Another thing that deems Holden psychologically normal is his ability for deeper cognitive thinking. He gives us his opinions on critically acclaimed necessities such as school and religion explaining to the reader that although having good intentions, the systems are led by phonies that discredit them [religion and education], thus depicting the normal teenager that will often question authority and adults (Developing Adolescents). It is more implicitly demonstrated when Holden is holding a conversation with Mr. Antolini. Although he likes Mr. Antolini a lot, he says he lacks intellectuality. While Antolini is attempting to convince Holden to return to school, Holden's inner thoughts tell the reader that schools is a waste of time in Holden's eyes because it is a flawed system. Equally, this also happens before Holden leaves Pencey Prep and stops by to see "Old Spencer." He is respectful towards him aloud but internally he's condescending of Spencer because of his old age. He disregards the advice the teacher gives him, pretty much any advice in general. He thinks everything everyone does is personal vengeance against him. Holden takes everything personally because he is self centered because, "it takes time to take others' perspectives into account" (Developing Adolescents).
Attempting to Regain a Normal Life
Despite his clear normalcy, it can be argued that Holden is indeed abnormal because of his sudden outburst after Allie's death and his substance abuse. In an academic journal by Wan Roselezan Wan Yahya and Ruzbeh Babaee, Holden's trauma and suicide are brought up as a source of PTSD. Because of the trauma and suicidal thoughts they deem Holden as mentally unstable since he cannot cope, "Felman (1992) considers trauma as ‘unreasonable and untranscendable' (p.35-6)" claiming that, "Holden stays in a numb state" (Salinger's Depiction of Trauma in Catcher in the Rye). Arguably so, Holden does talk about death and sadness often, but he dealt with his brother's death at the peak of puberty. He also lacks communication with those who shared that trauma with him. Despite his breaking of all the windows and sleeping for a week in the garage, Holden is attempting to regain a normal life. Allie's death will always leave a scar but contrary to the idea that he hasn't found closure is one that shows Holden finding purpose from Allie's death: protecting the innocence of children beginning by Phoebe. Holden himself couldn't have a happy adolescence and he wants it to be secured for the future. Everyone deals with grief differently, it takes some time others purpose and some never overcome it but Holden found his purpose within the carousel.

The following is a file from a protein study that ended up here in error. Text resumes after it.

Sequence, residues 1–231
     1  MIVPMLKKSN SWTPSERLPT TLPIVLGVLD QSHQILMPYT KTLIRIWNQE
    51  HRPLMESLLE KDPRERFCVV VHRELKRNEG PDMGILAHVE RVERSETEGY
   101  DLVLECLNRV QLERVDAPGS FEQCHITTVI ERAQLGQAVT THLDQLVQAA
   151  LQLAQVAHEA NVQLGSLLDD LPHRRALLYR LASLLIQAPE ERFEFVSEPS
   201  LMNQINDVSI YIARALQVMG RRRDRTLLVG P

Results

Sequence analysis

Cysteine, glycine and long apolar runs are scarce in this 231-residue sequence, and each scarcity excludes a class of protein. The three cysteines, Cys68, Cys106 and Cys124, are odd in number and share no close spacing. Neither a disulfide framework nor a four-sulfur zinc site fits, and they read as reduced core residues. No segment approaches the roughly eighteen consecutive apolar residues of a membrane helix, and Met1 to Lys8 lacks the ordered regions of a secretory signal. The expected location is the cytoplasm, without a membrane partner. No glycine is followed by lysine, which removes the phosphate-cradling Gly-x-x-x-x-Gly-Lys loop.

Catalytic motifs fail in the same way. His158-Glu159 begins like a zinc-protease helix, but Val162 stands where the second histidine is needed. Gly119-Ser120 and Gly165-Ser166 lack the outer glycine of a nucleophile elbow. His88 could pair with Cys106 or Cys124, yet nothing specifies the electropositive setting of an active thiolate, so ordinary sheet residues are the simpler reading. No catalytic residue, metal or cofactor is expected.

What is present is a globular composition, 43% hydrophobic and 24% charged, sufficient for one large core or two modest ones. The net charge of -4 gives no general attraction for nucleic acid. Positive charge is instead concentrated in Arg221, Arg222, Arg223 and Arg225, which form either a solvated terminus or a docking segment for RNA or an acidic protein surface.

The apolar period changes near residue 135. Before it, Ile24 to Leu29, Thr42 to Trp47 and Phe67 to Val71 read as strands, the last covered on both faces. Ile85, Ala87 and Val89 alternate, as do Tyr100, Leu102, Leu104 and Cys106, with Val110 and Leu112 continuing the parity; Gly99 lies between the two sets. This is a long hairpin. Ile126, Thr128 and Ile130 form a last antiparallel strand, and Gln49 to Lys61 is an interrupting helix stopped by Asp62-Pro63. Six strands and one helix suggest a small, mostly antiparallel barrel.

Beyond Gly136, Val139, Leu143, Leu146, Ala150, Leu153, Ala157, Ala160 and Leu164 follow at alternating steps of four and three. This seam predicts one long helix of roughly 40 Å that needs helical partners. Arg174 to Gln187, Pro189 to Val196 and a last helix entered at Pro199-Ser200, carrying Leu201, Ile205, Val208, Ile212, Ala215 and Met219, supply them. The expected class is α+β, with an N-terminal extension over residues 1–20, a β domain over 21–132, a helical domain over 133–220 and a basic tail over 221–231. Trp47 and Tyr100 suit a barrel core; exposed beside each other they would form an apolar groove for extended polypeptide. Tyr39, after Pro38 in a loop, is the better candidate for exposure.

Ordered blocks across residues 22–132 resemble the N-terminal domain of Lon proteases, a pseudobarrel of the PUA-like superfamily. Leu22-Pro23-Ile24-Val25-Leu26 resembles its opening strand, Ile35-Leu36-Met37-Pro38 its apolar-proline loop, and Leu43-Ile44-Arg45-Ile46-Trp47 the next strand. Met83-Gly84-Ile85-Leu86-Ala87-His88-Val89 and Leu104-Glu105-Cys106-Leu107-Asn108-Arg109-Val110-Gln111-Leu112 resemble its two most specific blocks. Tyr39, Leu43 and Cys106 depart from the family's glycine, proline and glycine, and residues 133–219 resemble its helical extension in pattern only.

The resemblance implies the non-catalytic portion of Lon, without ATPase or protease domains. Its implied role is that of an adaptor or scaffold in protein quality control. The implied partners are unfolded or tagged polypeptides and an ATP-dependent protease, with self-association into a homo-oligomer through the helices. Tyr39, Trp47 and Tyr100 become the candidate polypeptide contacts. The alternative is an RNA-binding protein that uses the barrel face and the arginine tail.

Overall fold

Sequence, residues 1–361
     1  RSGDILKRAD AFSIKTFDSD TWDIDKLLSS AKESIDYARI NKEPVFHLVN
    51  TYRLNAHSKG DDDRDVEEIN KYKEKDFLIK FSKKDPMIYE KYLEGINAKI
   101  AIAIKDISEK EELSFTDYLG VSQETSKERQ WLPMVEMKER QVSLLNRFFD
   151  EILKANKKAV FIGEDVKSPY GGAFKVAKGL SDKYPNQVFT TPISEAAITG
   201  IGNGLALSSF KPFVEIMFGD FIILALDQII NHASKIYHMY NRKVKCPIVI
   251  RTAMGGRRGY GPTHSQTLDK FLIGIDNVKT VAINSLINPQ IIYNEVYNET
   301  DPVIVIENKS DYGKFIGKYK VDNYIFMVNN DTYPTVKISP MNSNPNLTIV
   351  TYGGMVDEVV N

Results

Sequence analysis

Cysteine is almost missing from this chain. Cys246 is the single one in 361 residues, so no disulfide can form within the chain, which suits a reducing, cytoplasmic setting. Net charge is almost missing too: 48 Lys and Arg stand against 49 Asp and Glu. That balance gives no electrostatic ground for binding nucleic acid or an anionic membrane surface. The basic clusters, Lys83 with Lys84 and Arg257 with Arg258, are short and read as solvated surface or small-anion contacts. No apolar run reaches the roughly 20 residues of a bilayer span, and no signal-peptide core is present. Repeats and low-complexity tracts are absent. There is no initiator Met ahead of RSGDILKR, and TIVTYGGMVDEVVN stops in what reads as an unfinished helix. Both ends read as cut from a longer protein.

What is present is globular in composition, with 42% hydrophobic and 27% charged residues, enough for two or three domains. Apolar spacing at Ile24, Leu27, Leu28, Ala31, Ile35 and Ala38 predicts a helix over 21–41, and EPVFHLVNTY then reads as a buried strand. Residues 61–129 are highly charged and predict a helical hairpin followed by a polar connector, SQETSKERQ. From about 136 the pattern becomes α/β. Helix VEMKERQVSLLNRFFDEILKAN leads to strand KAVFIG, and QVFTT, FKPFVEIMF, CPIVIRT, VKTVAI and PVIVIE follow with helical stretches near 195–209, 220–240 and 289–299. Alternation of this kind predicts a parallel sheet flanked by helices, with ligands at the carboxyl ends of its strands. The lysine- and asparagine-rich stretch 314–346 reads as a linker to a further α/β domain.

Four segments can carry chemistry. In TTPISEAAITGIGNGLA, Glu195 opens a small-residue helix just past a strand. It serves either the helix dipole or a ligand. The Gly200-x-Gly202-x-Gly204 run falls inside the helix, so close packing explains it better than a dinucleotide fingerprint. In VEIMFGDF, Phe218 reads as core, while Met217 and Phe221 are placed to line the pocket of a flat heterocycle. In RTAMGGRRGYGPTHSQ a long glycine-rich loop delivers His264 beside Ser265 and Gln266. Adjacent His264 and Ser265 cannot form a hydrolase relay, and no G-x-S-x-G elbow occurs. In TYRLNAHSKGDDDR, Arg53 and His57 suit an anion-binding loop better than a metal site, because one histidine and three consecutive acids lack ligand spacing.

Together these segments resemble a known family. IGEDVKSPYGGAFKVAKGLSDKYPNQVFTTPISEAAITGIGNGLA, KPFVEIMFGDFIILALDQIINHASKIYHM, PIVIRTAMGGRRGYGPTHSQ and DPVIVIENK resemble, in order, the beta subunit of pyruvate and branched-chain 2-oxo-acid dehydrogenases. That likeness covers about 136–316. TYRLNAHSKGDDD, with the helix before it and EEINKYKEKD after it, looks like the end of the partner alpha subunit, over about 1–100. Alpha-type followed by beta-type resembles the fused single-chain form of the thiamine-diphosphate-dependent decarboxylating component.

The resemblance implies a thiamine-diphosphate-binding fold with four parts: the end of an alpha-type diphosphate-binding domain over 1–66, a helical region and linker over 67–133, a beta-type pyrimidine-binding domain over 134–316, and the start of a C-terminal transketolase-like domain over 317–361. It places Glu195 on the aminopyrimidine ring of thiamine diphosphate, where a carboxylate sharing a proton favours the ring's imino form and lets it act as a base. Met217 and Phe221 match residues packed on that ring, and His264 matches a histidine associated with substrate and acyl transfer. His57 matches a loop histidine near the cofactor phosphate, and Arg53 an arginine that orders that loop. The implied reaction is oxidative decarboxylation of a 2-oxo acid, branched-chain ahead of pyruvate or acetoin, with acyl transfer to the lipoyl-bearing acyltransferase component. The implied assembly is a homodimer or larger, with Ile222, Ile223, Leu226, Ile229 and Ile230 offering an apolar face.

Caulfield allowed the reader to look through the lense of a damaged teenager that lacked communication with his family, lost a younger brother at 13, but had enough resilience to find closure in something that would patch the flawed educational and religious system. He demonstrated the ability to think critically about the abstract but also discredit the wise as the typical adolescent would. Caulfield takes the reader aboard the ship that nearly sunk and had to navigate the rocky waters of adolescence with a gaping hole but arrived safely to shore.
- Developing Adolescents: a Reference for Professionals. American Psychological Association, 2002.
- Salinger, J. D. The Catcher in the Rye. Little, Brown, 1991.
- Yahya, Wan Roselezam Wan, and Ruzbeh Babaee. 'Salinger's depiction of trauma in The Catcher in the Rye.' Theory and Practice in Language Studies, vol. 4, no. 9, 2014, p. 1825+. Academic OneFile, http://link.galegroup.com/apps/doc/A386918898/GPS?u=tel_s_tsla&sid=GPS&xid=6bc5ee90. Accessed 22 Feb. 2019.